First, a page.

Drones, helicopter gunships swarm skies as US sets up new base in Iraq
Iran Press TV
Monday, 22 February 2021 11:34 AM
Swarms of helicopter gunships and drones are flying over al-Anbar as the US is setting up its second military base in western Iraq near the Syrian border, a report says.
Iraq's al-Maloumah news agency cited an unnamed security source on Monday as saying that the unusual overflights above al-Qa'im District extended as far as the border with Syria.
This is while no security breach has occurred in the area to warrant the overflights, the source said.
According to the agency, the US never notifies Iraqi security forces about its missions and Iraqi authorities are often kept in the dark about their nature and motivations behind them.
The new military base will be the second US facility in al-Anbar after the sprawling Ain al-Assad Airbase.
The new outpost lies close to a hugely strategic area where the Iraqi, Syrian, and Jordanian borders meet.
The US deployed troops to Iraq in 2014 under the pretext of fighting Daesh. Washington and its allies retain their forces in Iraq despite Baghdad having announced the defeat of the Takfiri terrorist group in 2017.
US troops are also based across the border in al-Tanf in Syria, where militants fighting the Syrian government are reportedly trained and armed and used for operations in Iraq and elsewhere.
Over the years, there have been numerous reports about the infiltration of Daesh elements from Syria into Iraq under the protection and logistical assistance of US troops.
Commenting on the recent border developments, Abdulkhaliq al-Azzawi, a member of Iraq's parliamentary Committee on Defense and Security, said, "As far as the border with Syria does not come under control, Iraq will not be able to enjoy security and stability."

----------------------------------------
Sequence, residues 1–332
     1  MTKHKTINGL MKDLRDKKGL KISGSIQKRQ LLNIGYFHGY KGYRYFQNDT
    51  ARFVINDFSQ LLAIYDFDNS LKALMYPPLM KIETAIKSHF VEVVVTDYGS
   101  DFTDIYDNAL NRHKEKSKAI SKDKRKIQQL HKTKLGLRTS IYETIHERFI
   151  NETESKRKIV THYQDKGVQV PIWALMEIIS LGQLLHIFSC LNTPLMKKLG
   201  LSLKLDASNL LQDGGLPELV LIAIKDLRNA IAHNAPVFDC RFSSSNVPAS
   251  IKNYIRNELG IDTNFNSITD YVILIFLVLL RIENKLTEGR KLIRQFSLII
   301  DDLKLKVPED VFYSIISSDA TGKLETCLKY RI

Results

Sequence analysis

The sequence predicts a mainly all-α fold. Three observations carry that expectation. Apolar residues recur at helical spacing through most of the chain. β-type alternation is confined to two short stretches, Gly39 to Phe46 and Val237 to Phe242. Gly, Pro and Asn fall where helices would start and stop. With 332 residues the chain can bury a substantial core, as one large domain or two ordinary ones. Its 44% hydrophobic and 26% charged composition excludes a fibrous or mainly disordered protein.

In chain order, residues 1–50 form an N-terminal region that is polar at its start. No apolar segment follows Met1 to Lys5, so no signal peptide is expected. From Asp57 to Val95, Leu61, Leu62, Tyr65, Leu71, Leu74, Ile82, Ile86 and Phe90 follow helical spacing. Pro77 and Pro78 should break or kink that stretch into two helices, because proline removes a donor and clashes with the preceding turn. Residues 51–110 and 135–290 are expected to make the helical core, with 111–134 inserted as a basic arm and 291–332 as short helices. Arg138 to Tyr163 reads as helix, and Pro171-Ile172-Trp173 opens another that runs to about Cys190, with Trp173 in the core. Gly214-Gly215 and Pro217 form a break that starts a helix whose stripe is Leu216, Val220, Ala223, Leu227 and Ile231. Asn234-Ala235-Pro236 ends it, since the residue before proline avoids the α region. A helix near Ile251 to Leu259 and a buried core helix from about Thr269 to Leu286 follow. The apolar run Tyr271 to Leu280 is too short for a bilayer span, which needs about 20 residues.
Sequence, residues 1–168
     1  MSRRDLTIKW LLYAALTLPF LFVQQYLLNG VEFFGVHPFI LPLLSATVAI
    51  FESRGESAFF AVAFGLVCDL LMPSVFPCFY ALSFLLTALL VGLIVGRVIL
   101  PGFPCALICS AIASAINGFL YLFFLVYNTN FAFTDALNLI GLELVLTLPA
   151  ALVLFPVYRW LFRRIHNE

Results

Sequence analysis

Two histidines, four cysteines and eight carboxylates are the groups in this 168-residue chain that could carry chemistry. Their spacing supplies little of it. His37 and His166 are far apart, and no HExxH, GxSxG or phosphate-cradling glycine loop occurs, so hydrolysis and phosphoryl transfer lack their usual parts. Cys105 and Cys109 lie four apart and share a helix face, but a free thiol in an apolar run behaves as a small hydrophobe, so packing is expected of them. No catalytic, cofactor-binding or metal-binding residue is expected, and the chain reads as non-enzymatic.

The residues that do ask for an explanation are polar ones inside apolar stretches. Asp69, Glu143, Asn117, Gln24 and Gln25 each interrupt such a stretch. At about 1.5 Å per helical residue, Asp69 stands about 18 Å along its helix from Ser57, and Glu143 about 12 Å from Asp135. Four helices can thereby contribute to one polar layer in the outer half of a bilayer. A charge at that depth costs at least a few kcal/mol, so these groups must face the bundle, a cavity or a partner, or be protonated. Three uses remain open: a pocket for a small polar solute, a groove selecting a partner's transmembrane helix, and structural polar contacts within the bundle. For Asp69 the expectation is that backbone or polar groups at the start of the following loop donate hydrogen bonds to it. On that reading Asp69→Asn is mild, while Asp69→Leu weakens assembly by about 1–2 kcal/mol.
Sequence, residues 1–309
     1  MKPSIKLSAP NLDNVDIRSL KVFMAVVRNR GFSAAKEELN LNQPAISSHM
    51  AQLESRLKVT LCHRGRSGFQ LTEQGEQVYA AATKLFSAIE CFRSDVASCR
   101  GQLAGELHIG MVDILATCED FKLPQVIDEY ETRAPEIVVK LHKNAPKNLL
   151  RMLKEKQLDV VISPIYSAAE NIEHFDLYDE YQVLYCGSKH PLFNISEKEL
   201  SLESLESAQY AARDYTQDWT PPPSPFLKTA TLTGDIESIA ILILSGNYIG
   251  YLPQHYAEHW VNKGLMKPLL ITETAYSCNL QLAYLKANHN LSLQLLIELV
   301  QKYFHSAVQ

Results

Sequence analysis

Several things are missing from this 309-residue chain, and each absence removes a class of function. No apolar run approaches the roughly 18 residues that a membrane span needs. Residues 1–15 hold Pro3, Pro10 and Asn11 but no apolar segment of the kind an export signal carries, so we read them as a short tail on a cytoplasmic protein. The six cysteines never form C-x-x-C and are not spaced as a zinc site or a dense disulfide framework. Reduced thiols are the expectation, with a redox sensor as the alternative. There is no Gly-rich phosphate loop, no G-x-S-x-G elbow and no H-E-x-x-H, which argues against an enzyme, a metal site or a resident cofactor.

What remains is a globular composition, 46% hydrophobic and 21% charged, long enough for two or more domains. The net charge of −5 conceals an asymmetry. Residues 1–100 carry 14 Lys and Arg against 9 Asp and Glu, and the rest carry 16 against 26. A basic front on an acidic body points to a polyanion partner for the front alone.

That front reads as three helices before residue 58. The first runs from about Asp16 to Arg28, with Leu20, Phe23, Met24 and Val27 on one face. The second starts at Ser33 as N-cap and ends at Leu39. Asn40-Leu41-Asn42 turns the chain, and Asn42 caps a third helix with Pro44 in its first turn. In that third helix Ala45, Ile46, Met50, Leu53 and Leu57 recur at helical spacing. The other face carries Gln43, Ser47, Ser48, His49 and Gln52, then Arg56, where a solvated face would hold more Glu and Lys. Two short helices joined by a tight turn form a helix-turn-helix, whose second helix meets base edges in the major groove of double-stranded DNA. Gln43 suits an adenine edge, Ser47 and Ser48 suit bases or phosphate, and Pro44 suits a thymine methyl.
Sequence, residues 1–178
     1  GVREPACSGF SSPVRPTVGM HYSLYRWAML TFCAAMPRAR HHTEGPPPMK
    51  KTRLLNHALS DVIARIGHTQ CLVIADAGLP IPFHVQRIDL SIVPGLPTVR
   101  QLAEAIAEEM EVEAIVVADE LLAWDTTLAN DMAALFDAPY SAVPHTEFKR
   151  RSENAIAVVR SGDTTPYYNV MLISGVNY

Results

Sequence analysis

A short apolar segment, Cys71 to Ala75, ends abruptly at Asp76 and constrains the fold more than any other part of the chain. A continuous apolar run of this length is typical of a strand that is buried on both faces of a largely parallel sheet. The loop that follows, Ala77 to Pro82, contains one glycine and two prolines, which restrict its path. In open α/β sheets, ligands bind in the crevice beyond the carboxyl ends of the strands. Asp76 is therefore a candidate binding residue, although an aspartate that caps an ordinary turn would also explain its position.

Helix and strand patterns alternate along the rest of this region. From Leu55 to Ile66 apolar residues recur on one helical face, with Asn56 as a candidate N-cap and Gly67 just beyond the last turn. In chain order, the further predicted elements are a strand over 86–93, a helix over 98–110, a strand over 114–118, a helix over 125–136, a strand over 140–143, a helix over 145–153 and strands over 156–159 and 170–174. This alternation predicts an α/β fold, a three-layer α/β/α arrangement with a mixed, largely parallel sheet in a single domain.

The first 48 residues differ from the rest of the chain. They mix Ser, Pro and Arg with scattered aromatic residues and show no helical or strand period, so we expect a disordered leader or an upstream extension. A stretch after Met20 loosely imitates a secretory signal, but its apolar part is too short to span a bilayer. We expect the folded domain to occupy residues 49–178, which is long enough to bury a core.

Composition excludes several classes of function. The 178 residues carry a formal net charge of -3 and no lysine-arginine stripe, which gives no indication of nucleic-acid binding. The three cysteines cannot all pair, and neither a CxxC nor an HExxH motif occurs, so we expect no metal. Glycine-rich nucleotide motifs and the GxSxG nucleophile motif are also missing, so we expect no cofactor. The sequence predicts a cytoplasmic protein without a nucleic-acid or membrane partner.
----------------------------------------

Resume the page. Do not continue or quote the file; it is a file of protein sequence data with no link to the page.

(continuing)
He said more than 30,000 Daesh terrorists are still in Syria with their families. "The border with Syria is still a source of threat for Iraq's security."
Daesh remnants have been staging hit and run attacks across Iraq ever since the group's defeat.
The attacks have escalated over the past year, especially since the Iraqi parliament passed a law that mandated a full withdrawal of all foreign troops from the country.
Experts say the rise in terrorist activities is apparently aimed at creating a sense of insecurity in Iraq and providing a pretext for the US to keep its troops in the country.
The Iraqi military and counter-terrorism militias have, ever since the flare-up in Daesh's violence, been trying to neutralize it, taking out many of its ringleaders in the process.
On Sunday, Iraqi news outlets said the country's Hashd al-Sha'abi or Popular Mobilization Units (PMU) had engaged in fierce firefight with Daesh remnants in the al-Tarmia District north of the capital.
Another security source said the operation led by the PMU's al-Nujaba resistance fighters had attained its intended goals and was about to end in the coming hours.
Major-General Yahya Rasool, spokesman for the commander-in-chief of the Armed Forces, said six Daesh terrorists, including the group's operations officer in the district, had been killed by the Iraqi fighters.
He also said the Arab country did not need US troops, having the sixth most powerful army in the region.
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